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GFO Issue 261



Tinatin Zardiashvili

Article Type:

Article Number: 5

Civil society forum and stakeholders' consultation workshops help identify priority areas

ABSTRACT Georgia is fast approaching its self-imposed deadline to submit concept notes for HIV and TB grants under the new funding model (NFM). The CCM has organized a civil society forum and stakeholders' consultation workshop to revise the national strategic plans.

Georgia is planning to submit its HIV concept note on 20 April, in Window 6, and its TB note in Window 7 on 15 July. In anticipation, the country coordinating mechanism has scheduled a series of civil society and stakeholder forums for consultation, in order to identify priority areas and high-impact activities that will help the country overcome its concentrated epidemics.

Preparations were in full swing by the end of 2014, with an overhaul of the CCM’s administrative management processes. This followed the election in June (see article here) of a new chairperson for the CCM over civil society concerns about conflicts of interest.

The CCM has also benefitted from technical support from the French government’s 5% initiative, which has assisted in the development of the HIV concept note. A USAID consultant is assisting with the TB concept note, Aidspan understands from CCM sources.

Country dialogue opened in January, in an effort to identify core priority areas for both the Fund’s concept notes and the country’s own national strategic plans. A 25 January civil society forum organized by the CCM featured two panel discussions that were facilitated by local NGOs, and attended by people living with the disease, technical partners, the local fund agent and CCM representatives.

The forum was opened by CCM chairperson, Labor, Health and Social Affairs Minister David Sergienko. In emphasizing the power of close collaboration between government and NGO sectors, he urged forum participants not to limit their engagement in dialogue to listing the challenges but by exploring collaborative and integrated solutions. Without full participation from all stakeholders, he added, the epidemics would continue to spread.

Adherence and provider education identified as key TB priorities

The TB panel offered a window into the challenges facing TB advocates, whose network is considerably smaller than the corresponding network of groups working on Georgia’s HIV response. The majority of Georgia’s TB-related NGOs are funded through USAID.

The main problem identified by the TB panel was adherence to treatment. One in three patients in Georgia fails to complete the course of treatment, and treatment success rates hover below 50%. Part of the problem, according to panel attendees, is the stigma against TB that is perpetuated even by medical personnel. Another element of the problem is the failure thus far by Georgia to integrate TB care into the primary health system.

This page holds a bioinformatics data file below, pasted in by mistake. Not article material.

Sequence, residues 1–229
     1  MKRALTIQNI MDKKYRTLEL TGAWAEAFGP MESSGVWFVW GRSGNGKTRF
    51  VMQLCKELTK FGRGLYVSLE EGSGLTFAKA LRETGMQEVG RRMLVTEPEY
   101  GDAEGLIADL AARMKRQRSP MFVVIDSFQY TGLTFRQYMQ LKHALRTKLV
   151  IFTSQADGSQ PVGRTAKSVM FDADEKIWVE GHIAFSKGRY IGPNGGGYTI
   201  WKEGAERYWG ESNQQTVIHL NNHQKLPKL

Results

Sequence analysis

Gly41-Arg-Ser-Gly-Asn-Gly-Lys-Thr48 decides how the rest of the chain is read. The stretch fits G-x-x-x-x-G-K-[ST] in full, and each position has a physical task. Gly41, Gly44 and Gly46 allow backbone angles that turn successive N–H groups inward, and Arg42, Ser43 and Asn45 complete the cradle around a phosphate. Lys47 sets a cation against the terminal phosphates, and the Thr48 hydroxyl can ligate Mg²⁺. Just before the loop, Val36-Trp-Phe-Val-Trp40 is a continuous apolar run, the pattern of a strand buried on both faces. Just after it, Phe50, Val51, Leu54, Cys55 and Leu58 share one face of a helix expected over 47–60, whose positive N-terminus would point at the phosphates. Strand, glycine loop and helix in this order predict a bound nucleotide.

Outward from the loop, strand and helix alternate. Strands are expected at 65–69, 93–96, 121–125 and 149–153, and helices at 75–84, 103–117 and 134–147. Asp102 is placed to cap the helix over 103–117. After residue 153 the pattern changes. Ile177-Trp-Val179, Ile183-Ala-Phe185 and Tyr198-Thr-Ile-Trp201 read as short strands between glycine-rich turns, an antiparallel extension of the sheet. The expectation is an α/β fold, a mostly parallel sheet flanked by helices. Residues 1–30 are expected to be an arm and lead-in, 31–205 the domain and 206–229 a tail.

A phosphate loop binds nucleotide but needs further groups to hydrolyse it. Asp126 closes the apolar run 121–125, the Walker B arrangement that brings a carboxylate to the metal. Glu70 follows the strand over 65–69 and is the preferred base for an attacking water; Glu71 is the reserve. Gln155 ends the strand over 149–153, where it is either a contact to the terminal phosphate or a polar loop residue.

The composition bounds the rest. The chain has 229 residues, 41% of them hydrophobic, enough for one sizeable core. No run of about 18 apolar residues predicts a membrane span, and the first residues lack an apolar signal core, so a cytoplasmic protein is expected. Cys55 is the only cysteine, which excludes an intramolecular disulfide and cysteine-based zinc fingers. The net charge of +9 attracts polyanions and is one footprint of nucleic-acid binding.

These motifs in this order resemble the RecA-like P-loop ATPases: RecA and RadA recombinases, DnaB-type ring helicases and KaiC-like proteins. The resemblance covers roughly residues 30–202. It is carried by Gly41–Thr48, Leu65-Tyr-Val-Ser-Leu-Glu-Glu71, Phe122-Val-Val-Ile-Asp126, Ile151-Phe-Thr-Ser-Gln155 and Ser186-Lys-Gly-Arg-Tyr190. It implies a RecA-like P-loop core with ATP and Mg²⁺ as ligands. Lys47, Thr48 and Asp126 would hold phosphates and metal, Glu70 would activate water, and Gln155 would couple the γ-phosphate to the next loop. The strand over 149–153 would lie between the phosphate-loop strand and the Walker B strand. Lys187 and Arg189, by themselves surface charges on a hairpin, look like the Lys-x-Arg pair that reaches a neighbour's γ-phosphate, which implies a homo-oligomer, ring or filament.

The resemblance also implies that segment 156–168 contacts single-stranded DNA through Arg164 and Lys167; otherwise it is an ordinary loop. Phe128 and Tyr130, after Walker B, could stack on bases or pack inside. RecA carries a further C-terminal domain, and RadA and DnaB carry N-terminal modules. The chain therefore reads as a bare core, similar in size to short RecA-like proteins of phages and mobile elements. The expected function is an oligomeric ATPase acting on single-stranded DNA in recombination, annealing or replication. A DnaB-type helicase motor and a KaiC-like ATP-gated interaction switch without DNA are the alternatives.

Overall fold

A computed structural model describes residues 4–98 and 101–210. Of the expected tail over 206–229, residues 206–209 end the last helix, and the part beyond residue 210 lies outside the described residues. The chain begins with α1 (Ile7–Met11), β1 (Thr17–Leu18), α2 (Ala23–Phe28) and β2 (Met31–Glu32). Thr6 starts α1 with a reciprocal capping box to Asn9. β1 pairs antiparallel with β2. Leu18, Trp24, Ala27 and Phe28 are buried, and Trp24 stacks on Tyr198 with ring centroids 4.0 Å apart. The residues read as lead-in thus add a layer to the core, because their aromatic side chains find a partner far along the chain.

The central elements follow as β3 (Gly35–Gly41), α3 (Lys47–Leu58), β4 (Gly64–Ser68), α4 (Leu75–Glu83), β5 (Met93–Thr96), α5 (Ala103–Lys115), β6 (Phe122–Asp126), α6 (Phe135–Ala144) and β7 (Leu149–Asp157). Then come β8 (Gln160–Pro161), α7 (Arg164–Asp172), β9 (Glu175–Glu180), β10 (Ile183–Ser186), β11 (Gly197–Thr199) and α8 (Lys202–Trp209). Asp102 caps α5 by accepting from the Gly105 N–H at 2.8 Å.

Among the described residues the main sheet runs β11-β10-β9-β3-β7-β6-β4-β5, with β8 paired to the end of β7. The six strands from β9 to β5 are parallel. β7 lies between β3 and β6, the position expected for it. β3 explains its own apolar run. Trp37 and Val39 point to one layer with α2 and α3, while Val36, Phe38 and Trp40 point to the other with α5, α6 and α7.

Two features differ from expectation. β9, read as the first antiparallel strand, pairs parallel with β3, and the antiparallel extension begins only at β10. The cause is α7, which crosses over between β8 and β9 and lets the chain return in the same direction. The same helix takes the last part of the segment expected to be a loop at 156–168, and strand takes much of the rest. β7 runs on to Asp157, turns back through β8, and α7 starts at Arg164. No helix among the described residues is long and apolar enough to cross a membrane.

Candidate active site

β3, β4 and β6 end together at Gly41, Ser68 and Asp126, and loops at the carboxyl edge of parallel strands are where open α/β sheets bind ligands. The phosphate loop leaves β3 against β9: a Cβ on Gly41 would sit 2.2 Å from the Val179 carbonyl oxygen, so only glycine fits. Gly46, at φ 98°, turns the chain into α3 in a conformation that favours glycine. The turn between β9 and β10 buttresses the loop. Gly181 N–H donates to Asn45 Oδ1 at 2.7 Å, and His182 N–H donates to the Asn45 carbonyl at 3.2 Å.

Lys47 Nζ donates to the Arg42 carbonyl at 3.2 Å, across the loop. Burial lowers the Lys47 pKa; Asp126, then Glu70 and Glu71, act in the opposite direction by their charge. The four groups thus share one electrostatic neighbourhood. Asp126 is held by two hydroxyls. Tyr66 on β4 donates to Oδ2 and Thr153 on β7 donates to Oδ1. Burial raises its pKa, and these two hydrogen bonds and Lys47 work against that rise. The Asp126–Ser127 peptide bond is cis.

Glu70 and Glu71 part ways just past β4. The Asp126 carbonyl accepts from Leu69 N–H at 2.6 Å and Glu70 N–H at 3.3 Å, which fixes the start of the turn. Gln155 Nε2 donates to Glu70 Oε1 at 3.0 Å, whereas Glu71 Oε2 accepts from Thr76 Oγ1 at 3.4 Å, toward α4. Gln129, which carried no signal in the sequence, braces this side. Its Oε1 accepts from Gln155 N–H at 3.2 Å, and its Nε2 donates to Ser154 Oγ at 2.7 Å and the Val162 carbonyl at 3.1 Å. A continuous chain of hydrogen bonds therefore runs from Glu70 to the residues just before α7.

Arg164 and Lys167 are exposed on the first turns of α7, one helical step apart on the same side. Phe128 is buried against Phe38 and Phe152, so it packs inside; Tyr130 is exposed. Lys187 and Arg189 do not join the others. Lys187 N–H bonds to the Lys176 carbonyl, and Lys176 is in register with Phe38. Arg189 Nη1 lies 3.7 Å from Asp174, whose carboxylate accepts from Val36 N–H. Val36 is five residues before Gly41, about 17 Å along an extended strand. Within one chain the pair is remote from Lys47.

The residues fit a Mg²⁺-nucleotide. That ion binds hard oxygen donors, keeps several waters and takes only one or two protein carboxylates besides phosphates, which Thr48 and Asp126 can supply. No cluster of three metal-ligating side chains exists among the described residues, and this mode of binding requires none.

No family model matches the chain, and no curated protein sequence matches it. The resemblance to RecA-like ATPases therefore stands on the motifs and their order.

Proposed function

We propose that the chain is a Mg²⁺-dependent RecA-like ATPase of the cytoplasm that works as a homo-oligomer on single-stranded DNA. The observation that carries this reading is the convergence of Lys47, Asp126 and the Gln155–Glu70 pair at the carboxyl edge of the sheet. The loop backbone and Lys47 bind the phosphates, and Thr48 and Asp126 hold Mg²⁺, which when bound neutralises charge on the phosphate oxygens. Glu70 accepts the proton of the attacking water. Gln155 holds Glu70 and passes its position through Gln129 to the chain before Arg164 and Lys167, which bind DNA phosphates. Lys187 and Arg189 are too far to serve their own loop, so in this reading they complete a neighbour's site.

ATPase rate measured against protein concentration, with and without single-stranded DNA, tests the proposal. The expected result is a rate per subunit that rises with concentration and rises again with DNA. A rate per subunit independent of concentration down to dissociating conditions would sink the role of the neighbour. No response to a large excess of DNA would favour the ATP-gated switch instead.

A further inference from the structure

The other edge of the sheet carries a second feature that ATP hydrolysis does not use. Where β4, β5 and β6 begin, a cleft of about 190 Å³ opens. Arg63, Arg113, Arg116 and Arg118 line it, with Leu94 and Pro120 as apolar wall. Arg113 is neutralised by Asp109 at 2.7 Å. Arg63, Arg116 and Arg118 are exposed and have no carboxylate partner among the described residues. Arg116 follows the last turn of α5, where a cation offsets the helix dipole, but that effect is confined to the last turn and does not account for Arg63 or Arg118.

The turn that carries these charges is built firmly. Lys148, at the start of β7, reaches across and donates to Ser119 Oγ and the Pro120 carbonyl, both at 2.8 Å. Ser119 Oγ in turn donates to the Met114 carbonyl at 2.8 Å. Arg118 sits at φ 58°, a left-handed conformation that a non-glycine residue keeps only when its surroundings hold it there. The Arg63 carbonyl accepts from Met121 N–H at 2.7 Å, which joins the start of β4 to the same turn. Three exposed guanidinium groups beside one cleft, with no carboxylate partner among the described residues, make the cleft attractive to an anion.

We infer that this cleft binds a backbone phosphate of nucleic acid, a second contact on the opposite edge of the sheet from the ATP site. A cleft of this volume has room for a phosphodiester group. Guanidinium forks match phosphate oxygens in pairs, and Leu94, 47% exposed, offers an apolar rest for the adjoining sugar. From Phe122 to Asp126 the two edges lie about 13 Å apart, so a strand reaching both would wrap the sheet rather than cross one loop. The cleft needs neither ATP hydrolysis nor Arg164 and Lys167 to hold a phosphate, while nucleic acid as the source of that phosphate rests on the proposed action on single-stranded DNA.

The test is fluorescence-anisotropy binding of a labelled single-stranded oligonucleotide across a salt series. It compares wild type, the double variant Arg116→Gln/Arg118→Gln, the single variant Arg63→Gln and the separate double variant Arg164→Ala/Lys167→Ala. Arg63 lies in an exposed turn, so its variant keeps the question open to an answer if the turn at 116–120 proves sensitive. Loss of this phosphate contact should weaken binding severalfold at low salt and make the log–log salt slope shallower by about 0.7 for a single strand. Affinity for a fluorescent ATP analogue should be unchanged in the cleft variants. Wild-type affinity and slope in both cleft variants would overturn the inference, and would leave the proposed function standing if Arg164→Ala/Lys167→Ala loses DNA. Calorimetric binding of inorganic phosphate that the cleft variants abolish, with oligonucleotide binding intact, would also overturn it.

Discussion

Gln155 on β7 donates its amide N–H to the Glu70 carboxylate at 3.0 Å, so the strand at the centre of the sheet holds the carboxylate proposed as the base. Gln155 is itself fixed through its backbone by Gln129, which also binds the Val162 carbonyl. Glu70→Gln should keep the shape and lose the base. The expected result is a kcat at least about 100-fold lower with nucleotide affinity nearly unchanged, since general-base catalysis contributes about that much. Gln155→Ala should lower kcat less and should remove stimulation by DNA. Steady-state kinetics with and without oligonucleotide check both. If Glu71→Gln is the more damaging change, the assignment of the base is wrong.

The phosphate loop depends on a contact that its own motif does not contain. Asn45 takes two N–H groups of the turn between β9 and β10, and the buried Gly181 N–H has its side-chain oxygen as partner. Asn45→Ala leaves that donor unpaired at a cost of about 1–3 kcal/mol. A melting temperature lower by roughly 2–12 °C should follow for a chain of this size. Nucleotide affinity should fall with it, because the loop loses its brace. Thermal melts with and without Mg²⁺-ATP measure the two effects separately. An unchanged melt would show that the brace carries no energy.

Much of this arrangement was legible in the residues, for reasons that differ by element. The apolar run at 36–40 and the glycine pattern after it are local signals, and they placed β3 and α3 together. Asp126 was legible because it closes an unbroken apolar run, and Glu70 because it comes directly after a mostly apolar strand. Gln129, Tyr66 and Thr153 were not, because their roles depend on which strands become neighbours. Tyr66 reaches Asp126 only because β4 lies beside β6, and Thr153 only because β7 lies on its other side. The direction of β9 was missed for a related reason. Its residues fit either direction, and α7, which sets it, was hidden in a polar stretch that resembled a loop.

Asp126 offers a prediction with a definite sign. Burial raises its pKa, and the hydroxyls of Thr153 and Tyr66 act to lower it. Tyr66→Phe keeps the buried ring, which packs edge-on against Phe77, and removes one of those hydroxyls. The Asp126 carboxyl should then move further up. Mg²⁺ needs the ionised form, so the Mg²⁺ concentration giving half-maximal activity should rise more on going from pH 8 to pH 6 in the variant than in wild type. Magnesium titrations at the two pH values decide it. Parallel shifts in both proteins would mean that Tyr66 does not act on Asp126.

Education of health workers about TB was mentioned as a priority, helping to build capacity among primary health care doctors and nurses about TB as one of the most prevalent infectious diseases in the country. Strengthening the TB control system was another priority, developing a mechanism by which state facilities are involved. The current system is run by the private sector, and dependent on the goodwill of individual clinics.

A restrictive policy environment complicates the HIV response

The challenges and priorities identified for HIV were primarily related to the restrictive policy environment in which NGOs operate. Georgia’s criminalization of drug use and restrictions on harm reduction activities make it difficult for NGOs to effectively target those who are most at risk of contracting the disease. Marry these restrictions with the rising burden of disease — a prevalence increase from 3.7% to 13% between 2007-2012 among men who have sex with men as just one example — and Georgian NGOs are looking anxiously at the constraints being built in to the national strategic plan.

Priorities identified during the panel were to maintain existing essential services and boost innovative prevention activities that target key populations. These priorities were corroborated by HIV stakeholders attending a workshop in February that was also financed by the 5% initiative aiming to lock in the key aspects of the national strategic plan.

Enhanced collaboration between HIV and TB work was cited as a critical component of the plan, alongside improved access to opioid substitution therapies for both men and women and better advocacy to open the policy environment to new ways of working.

Sustainability for the Georgian HIV response beyond the life of the Global Fund grants — and how to shift resource responsibility to government — was also a hot discussion topic in the stakeholder workshop.

A costed HIV NSP should be finalized and submitted to the CCM by early March, which should have more of a firm delineation of financial responsibility between the state budget and the eventual Global Fund grant. The TB NSP should follow by the end of the month.

CORRECTION: In the 5th from the bottom paragraph, the prevalence rate stated is for men who have sex with men, not sex workers

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